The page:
A detail of the Larry Rivers work in question, hanging in the Chelsea Hotel, July 2010 (via flickr.com/robotclaw)

When all the art disappeared from the walls of the iconic Chelsea hotel last fall, where did it go? The Larry Rivers Foundation is the latest group trying to find out. Rivers’s “Syndics of the Drapery Guild as Dutch Masters,” a paint and wood piece that’s part of a series riffing on Rembrandt, is one of the most high-profile works whose whereabouts are currently unknown, after new hotel owners Chetrit Group quietly removed all the art — or ordered residents to remove it — and began a controversial renovation.

“We really didn’t understand that the work was missing until we found out the hotel was sold and work was being done,” David Joel, executive director of the Rivers Foundation, told Hyperallergic. “And then we went, wait a minute … ”

The Chelsea Hotel on Manhattan’s 23rd Street (via flickr.com/george3)

The foundation has hired a lawyer, Ronald Spencer of Carter Ledyard & Milburn LLP, to help get the painting back. “It was tricky, because we were told some of the stuff that everyone’s read, about how the management was being unresponsive,” Joel said. “Personally I much prefer to send them a letter myself, because it’s faster and people would understand where we’re coming from. But the advice was that it was best to bring an attorney in.”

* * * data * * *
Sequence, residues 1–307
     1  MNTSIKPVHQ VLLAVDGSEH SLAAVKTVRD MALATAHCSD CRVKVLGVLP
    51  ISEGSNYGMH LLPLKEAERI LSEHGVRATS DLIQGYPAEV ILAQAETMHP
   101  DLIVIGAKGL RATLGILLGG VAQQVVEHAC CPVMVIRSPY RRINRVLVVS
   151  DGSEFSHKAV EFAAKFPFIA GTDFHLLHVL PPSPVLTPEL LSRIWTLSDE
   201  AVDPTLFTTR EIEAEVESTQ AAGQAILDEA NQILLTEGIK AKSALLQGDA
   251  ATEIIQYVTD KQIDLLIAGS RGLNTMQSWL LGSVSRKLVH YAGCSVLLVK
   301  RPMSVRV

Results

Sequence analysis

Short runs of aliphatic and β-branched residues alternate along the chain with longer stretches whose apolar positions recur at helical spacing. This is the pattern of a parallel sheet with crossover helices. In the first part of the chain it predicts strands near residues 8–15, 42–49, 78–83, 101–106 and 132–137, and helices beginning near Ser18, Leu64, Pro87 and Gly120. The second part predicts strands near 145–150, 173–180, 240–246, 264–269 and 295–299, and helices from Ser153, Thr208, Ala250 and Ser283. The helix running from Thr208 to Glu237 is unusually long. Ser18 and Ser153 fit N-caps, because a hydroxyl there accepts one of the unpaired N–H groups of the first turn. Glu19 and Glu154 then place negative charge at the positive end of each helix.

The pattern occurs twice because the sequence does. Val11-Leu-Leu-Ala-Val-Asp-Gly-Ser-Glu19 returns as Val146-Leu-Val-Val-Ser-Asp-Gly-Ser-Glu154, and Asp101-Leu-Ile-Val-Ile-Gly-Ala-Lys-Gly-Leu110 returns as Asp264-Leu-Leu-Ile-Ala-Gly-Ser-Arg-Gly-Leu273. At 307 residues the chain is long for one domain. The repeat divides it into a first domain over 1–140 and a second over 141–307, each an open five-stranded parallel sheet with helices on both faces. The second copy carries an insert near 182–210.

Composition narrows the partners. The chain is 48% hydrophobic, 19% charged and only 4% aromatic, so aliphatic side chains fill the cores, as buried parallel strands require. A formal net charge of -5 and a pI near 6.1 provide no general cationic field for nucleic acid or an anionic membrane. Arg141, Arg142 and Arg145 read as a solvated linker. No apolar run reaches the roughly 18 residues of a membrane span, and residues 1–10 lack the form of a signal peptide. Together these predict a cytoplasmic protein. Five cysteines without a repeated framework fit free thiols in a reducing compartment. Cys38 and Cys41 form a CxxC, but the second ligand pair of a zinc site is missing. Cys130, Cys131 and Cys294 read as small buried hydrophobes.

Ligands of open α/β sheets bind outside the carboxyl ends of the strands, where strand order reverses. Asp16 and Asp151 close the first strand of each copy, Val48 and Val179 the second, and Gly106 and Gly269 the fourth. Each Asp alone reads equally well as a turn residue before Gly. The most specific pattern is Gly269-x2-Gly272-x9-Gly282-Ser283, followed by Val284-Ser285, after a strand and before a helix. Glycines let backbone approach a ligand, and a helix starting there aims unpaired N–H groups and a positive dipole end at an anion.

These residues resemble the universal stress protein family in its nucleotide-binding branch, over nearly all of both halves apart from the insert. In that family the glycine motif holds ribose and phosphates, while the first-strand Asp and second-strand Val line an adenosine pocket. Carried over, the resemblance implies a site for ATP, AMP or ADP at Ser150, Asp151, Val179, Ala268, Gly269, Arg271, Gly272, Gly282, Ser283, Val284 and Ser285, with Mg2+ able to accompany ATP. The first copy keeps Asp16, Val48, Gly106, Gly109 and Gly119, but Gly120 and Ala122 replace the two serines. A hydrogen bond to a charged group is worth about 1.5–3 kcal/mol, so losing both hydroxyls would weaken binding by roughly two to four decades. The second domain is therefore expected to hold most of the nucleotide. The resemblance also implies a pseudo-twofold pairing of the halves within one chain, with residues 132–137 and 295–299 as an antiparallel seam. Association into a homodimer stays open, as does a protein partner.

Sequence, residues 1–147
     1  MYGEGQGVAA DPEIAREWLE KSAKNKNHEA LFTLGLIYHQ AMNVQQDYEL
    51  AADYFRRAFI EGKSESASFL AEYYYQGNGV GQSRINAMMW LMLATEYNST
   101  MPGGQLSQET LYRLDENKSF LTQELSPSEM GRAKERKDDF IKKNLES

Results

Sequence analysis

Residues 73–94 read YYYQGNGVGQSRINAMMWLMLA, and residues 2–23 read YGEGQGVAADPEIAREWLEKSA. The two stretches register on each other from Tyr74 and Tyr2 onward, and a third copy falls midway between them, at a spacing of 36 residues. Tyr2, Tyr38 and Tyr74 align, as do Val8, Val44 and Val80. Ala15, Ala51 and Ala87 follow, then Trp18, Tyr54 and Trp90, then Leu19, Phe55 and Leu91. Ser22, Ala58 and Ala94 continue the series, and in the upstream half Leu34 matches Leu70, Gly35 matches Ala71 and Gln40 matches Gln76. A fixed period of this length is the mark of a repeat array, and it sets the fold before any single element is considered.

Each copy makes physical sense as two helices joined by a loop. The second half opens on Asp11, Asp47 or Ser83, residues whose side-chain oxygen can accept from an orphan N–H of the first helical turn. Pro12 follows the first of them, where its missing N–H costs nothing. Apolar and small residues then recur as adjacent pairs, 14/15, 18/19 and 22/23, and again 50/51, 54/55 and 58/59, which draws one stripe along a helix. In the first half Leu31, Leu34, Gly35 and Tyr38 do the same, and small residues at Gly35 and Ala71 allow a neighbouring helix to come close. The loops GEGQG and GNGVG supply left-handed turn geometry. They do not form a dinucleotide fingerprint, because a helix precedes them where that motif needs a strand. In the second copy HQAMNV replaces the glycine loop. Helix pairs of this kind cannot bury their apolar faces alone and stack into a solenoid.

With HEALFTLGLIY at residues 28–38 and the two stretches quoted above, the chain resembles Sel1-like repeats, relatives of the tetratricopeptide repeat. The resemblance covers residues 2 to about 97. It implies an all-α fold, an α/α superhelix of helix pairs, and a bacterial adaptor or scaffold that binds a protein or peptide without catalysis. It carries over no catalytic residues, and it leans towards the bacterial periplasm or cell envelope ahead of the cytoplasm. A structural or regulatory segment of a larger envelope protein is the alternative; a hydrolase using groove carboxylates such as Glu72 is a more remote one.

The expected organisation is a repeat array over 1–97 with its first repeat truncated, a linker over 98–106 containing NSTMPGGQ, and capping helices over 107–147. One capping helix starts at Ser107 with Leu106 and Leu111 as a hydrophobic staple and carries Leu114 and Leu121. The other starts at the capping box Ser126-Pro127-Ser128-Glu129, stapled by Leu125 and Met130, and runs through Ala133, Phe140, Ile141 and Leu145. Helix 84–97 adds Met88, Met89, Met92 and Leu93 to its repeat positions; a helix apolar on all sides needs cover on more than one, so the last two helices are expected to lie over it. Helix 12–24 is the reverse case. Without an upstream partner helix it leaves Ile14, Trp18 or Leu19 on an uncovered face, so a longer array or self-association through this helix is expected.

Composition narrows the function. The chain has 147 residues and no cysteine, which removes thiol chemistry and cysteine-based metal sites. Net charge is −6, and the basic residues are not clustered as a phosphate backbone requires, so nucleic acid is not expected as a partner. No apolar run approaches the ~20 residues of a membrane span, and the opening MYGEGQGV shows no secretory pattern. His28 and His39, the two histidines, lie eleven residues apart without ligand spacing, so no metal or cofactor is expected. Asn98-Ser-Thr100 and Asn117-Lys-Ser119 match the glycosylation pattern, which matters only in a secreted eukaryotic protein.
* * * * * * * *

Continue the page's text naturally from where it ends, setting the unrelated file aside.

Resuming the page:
Spencer has sent several letters to the management company, but so far, there’s been no response. He hasn’t yet filed a lawsuit, but says he will do so if necessary, according to a report in The Villager.

The Rivers complaint is only the latest in a string of troubling art-related incidents since developer Joseph Chetrit bought the storied hotel and artist residence last August. The $80 million real-estate deal was marked from the start by mistrust between the developer and tenants, and many artists living in the Chelsea have expressed concerns ranging from eviction to the loss of the hotel’s character and quirky charm. At the moment, the silence on the missing art isn’t helping. Hyperallergic has left a message with the Chetrit Group but received no response.

A view of the once art-filled lobby of the Chelsea Hotel (via flickr.com/glenscolen)

In January, the Daily News reported that Colleen Weinstein, wife of the late nightclub impresario Arthur Weinstein, also began a letter-writing campaign to the hotel’s owners — with threat of a lawsuit — via her lawyer, Samuel Himmelstein. Weinstein claims that soon after she told the Chelsea’s new manager that she intended to taken down her husband’s artwork, all 25 pieces vanished.

And writer and hotel resident Ed Hamilton, who runs the Chelsea Hotel Blog, was lamenting the disappearance of a number of artworks as early as last July. Most notably, Hamilton reported that a painting of a reclining nude by Akbar Padamsee, which had long graced the hotel lobby until it disappeared in 2010, turned up at a Sotheby’s auction, where it made $1.4 million. And most disconcertingly, Hamilton mentioned the discovery of two artworks — including a sketch of Arthur Miller by artist Rene Shapshak — in the garbage on 23rd Street.

The list of musicians, writers, actors, and artists that have passed through the Chelsea reads like a who’s who of 20th-century American culture: Bob Dylan, Patti Smith, Arthur Miller, Charles Bukowski, Stanley Kubrick, Frida Kahlo, Claes Oldenburg, Rivers and many, many more. “Larry has a long history of being involved with the hotel,” said Joel. “He’s loaned works there and bartered works there. This just doesn’t happen to be one of the bartered works.”

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Jillian Steinhauer

Jillian Steinhauer is a former senior editor of Hyperallergic. She writes largely about the intersection of art...